What Is the Difference Between Form 1040 and 1040-SR?

Posted Feb 11, 2024


If you’ve filed a federal income tax return since the year 1913, you’re likely familiar with IRS Form 1040.

Form 1040 was first issued in 1914 for the 1913 tax year following the ratification of the 16th Amendment which created a nationwide income tax. The initial Form 1040 was reused for the first several tax years but has undergone numerous revisions over the ensuing decades. In 2021, more than 169 million Americans used Form 1040 to file federal tax returns. Another 152 million used Form 1040(e), or electronically filed tax returns.¹

For the millions of Americans over 65 who still prepare their taxes by hand, the IRS made some important changes to Form 1040 to make the process more convenient. The updated Form 1040-SR includes special considerations for seniors with age-related vision problems. We’ll highlight those elements below.

Changes to Form 1040-SR

Form 1040-SR was signed into law by President Trump as part of the Bipartisan Budget Act of 2018 and used in 2019. Form 1040-SR was created specifically for seniors who are at least 65 years old at the end of the tax year in which they file. For the 2021 tax year, you must have been born before January 2, 1957. However, if you are married and filing jointly, only one taxpayer must meet this age requirement.

The most notable difference between Form 1040 and Form 1040-SR is the type size. Form 1040-SR has a much larger font, as well as larger boxes for seniors to input their information and numbers when completing the document by hand. Informational pages on Form 1040-SR also have wider spacing for easier viewing.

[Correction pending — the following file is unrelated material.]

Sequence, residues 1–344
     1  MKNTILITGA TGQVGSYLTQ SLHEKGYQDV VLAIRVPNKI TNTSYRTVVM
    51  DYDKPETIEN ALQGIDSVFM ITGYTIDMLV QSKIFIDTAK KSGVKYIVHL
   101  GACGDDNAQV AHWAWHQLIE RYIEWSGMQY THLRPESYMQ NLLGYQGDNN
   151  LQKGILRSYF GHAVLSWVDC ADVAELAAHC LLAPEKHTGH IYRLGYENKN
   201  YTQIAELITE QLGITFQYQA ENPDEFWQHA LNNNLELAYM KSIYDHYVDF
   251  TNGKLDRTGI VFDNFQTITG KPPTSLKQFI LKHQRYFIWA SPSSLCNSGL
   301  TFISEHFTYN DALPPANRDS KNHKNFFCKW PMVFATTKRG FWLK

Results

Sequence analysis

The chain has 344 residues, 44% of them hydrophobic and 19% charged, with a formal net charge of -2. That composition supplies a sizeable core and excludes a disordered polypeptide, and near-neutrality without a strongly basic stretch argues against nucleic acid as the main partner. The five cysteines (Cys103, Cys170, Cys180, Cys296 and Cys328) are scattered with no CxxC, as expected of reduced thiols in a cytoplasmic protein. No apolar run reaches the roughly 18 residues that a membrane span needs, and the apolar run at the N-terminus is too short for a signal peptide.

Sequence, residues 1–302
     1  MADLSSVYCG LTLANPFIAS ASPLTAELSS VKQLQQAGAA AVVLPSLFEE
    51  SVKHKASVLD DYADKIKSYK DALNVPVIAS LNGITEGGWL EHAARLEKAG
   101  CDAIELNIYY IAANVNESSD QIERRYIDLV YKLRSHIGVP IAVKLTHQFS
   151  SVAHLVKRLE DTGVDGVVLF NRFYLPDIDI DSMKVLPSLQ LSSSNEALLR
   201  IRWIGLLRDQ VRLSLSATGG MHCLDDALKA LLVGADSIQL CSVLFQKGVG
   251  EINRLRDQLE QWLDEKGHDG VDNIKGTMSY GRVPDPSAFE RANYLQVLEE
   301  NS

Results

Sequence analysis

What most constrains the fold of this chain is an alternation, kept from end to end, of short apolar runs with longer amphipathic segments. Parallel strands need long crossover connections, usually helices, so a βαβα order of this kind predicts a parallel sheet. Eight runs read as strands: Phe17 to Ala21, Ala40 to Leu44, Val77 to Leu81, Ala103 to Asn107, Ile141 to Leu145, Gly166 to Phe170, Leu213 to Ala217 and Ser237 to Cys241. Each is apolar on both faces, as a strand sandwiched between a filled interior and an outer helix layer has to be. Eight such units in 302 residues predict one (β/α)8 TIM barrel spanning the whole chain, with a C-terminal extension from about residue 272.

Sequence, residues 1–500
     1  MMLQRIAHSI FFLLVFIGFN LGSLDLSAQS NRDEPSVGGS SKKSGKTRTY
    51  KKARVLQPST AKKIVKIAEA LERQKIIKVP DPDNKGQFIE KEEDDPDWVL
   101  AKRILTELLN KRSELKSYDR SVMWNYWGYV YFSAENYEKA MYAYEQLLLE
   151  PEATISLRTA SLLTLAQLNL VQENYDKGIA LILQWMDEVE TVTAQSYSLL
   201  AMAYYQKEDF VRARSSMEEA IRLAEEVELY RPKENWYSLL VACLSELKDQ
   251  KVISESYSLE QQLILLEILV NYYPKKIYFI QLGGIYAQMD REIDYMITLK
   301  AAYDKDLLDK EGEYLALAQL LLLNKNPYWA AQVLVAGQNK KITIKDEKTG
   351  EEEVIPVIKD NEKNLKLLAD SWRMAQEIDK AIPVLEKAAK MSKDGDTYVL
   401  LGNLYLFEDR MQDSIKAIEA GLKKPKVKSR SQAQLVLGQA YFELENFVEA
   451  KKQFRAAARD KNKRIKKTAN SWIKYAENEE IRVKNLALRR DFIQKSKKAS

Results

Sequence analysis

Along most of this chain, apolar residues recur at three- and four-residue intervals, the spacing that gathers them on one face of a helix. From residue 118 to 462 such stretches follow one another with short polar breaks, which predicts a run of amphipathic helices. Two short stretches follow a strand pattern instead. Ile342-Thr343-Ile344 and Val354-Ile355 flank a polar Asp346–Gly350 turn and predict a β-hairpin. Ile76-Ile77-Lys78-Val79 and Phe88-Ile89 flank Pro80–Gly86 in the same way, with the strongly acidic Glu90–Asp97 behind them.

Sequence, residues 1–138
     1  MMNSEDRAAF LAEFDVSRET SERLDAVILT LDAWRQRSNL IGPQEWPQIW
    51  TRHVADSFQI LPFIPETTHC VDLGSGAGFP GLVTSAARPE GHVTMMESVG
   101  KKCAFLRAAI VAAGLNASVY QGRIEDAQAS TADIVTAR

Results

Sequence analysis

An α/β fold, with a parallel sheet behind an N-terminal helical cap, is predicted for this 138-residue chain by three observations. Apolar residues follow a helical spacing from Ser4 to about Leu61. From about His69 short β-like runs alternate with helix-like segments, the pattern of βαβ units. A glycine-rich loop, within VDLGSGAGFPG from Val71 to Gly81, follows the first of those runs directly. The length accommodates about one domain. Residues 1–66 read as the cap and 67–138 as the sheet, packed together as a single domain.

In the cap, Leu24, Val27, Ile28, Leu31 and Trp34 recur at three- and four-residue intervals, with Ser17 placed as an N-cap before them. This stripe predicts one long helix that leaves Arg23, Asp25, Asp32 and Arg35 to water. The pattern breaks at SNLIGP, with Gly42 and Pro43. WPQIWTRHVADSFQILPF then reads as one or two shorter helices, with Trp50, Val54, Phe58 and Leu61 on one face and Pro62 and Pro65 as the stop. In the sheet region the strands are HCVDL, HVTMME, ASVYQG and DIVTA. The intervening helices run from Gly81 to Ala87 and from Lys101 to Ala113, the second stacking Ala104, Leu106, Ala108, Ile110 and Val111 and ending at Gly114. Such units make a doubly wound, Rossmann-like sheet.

Another significant change seniors will notice is the Standard Deduction section near the top. This section contains a question related to taxpayer age and blindness, since millions of seniors suffer from age-related vision problems. The number of checkmarks input here affects the amount of your standard deduction for taxpayers who do not itemize their deductions using Schedule A. Form 1040-SR also includes a standard deduction table embedded within the document to help seniors easily identify their standard deduction.

In addition, Form 1040-SR does not contain the income limitations seen in previous versions of Form 1040. There are no limits on ordinary income, dividends, capital gains, or other forms of taxable income.

Seniors over 65 don’t have to use Form 1040-SR. However, it was designed specifically for that age demographic since it’s easier to read and fill out.


1. Statistics on Income Tax Returns, Form, Collections, eFile, https://www.efile.com/irs-income-tax-return-and-collection-form-statistics-data/

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